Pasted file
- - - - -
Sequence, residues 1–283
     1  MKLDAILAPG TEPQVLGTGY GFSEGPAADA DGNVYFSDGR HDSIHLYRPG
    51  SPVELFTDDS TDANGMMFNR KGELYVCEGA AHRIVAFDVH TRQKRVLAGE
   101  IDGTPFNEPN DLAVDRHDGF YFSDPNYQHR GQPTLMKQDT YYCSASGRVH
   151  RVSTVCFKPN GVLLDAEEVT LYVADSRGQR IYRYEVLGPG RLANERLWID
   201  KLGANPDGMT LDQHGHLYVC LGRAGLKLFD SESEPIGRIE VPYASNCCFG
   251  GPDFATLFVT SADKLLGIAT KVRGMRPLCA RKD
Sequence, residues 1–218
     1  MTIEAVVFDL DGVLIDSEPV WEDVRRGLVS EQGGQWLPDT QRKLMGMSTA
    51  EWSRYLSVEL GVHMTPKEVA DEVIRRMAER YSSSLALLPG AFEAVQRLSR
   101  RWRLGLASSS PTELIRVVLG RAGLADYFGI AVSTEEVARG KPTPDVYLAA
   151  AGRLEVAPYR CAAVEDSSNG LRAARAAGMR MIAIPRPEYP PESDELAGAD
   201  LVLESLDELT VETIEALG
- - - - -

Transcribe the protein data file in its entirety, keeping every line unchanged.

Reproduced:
Sequence, residues 1–283
     1  MKLDAILAPG TEPQVLGTGY GFSEGPAADA DGNVYFSDGR HDSIHLYRPG
    51  SPVELFTDDS TDANGMMFNR KGELYVCEGA AHRIVAFDVH TRQKRVLAGE
   101  IDGTPFNEPN DLAVDRHDGF YFSDPNYQHR GQPTLMKQDT YYCSASGRVH
   151  RVSTVCFKPN GVLLDAEEVT LYVADSRGQR IYRYEVLGPG RLANERLWID
   201  KLGANPDGMT LDQHGHLYVC LGRAGLKLFD SESEPIGRIE VPYASNCCFG
   251  GPDFATLFVT SADKLLGIAT KVRGMRPLCA RKD
Sequence, residues 1–218
     1  MTIEAVVFDL DGVLIDSEPV WEDVRRGLVS EQGGQWLPDT QRKLMGMSTA
    51  EWSRYLSVEL GVHMTPKEVA DEVIRRMAER YSSSLALLPG AFEAVQRLSR
   101  RWRLGLASSS PTELIRVVLG RAGLADYFGI AVSTEEVARG KPTPDVYLAA
   151  AGRLEVAPYR CAAVEDSSNG LRAARAAGMR MIAIPRPEYP PESDELAGAD
   201  LVLESLDELT VETIEALG